The Channel Is Where You Make It

Curator PR

We’ve talked for years about the “changing media landscape.”  The question in my mind is whether that shift has become so pronounced as to declare traditional news channels irrelevant? 

In the last few days, President Obama has appeared on "The Tonight Show," and conducted online chats with and audiences.  Compare that with a stat I heard this morning on NPR that the president has only given one interview to the New York Times in the last three years and hasn’t sat down to give a one-on-one to the Washington Post in four years.  Clearly the president’s communication team believes they can reach more of an audience—and have a more unfiltered conversation—through these new “news” channels. 

When was the last time you caught the 5 p.m. TV news?  When was the last time you checked your Facebook feed?

Is it more relevant to you that a house burned down 25 miles from yours and a reporter is showing it from four angles or that your friend on Twitter shared news about a new bakery in your neighborhood?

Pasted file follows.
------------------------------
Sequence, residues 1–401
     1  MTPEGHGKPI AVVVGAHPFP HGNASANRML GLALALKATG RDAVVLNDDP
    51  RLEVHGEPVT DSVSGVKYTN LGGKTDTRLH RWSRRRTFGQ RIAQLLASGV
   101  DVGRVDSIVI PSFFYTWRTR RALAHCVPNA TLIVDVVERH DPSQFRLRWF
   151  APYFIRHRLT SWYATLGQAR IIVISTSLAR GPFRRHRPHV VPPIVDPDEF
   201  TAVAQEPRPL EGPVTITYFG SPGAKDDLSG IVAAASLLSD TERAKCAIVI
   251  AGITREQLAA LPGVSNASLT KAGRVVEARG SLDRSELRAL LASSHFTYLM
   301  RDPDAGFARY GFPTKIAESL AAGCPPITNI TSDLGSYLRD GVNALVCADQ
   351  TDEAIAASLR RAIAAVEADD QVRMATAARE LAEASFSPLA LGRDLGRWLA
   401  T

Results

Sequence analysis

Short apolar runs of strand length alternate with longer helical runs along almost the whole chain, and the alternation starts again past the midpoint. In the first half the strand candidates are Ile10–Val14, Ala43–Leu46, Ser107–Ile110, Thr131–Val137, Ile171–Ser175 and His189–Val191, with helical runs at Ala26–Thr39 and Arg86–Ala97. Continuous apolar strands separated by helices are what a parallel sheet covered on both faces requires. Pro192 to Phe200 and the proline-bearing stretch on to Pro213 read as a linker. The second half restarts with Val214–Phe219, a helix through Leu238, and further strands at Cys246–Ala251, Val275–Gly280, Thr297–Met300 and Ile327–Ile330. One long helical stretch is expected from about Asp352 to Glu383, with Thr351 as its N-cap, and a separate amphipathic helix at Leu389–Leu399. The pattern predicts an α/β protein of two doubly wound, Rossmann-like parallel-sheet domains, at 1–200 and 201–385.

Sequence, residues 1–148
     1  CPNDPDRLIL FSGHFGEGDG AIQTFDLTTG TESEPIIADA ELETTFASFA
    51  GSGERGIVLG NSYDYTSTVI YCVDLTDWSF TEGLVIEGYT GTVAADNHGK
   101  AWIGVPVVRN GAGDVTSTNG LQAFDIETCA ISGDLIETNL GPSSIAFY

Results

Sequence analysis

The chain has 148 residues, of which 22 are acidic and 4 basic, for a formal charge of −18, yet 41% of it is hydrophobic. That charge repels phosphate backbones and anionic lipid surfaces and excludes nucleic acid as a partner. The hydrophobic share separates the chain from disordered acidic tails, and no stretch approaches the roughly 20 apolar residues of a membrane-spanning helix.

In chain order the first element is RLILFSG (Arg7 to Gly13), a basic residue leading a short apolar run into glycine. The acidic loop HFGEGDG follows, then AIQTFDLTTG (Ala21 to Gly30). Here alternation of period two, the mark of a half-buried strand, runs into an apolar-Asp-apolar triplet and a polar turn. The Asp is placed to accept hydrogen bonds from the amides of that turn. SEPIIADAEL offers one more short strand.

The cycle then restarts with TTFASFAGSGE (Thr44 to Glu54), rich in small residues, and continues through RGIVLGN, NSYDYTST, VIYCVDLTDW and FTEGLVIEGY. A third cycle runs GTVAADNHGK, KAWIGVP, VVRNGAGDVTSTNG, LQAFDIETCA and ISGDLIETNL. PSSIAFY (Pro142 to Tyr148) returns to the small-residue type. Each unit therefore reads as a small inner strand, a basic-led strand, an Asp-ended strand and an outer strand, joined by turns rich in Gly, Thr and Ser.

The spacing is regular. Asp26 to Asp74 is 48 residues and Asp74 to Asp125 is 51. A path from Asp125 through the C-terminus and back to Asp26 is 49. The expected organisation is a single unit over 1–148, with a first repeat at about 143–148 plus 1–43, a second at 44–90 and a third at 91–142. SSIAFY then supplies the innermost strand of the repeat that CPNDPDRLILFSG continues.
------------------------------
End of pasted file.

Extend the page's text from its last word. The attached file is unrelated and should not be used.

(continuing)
What do you care about? At Curator one of the questions we ask ourselves as we ideate is whether or not a consumer will really care about the idea – how will it make them look to their social media audience if they “like” a post and what that says about their personal brand.  Do you care about what traditional news channels report in large measure?  From a marketing standpoint our concern has to be where the audience is and if traditional news channels are not providing the type of content that maintains the attention of a group of consumers we have to look elsewhere.  So when the president wanted to talk about housing in America his communication team choose Zillow to reach an audience focused on buying or selling a home. Makes sense.